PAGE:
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How To Make The Most Of Your Home Workout – No Equipment Needed

How To Make The Most Of Your Home Workout – No Equipment Needed
30 May 2022 PhysioCentral

Maintaining regular activity when you’re stuck at home can be difficult. Whether you’re working from home full-time, caring for unwell family members, homeschooling, self-isolating or in a lockdown, smaller spaces at home paired with minimal or no gym equipment and a loss of motivation can quickly pile up, leading to a sudden reduction in how physically active you are.

When your daily movement decreases, your body suffers – both in the short and long term[1]. Physically, inactivity can cause a reduction in bone density[2] and muscle strength[3], loss of flexibility leading to increased risk of injury[4,5], – and this is often just the beginning. Thankfully, the deleterious effects of short-term inactivity can be combated by resuming home-based exercise, and it’s proven to have significant health benefits[6]. With physical activity helping to maintain optimum physical and mental health[7], here are five of our top tips for exercising at home that anyone can do, with no equipment needed.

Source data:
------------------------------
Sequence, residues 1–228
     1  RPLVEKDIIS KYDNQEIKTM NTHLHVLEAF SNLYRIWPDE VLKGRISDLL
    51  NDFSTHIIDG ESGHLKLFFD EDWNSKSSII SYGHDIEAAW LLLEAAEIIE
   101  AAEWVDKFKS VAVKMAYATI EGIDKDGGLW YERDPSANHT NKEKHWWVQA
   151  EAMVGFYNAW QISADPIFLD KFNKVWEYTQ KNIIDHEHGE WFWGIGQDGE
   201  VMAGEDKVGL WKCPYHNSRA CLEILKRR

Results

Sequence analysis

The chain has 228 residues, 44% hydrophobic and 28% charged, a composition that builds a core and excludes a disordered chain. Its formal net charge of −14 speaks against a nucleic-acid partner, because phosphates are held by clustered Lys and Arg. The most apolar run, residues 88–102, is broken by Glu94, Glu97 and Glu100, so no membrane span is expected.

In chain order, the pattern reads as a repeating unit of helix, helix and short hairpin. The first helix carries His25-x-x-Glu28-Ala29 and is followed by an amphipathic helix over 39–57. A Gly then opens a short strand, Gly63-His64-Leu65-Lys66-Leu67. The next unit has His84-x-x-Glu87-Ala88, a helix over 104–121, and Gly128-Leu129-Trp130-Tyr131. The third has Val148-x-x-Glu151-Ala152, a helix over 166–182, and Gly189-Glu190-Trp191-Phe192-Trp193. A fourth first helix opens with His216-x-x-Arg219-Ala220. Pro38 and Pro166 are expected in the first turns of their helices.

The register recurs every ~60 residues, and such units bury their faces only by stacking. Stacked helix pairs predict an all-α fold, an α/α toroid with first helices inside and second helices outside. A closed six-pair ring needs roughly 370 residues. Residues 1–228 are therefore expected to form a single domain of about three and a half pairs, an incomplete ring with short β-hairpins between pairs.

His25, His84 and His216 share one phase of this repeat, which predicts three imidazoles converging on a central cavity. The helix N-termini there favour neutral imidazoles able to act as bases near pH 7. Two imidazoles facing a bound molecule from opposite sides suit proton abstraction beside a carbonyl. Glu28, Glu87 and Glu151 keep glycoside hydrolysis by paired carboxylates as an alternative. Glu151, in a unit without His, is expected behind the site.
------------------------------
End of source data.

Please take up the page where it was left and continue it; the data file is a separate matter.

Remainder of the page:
1. Use Your Own Bodyweight

You don’t need a gym or expensive exercise equipment to reap the health benefits of exercise. Using your own bodyweight to do exercises such as push-ups, sit-ups and lunges is shown to have immense physical health benefits, including increased strength, endurance, flexibility, aerobic capacity and improved body composition[8].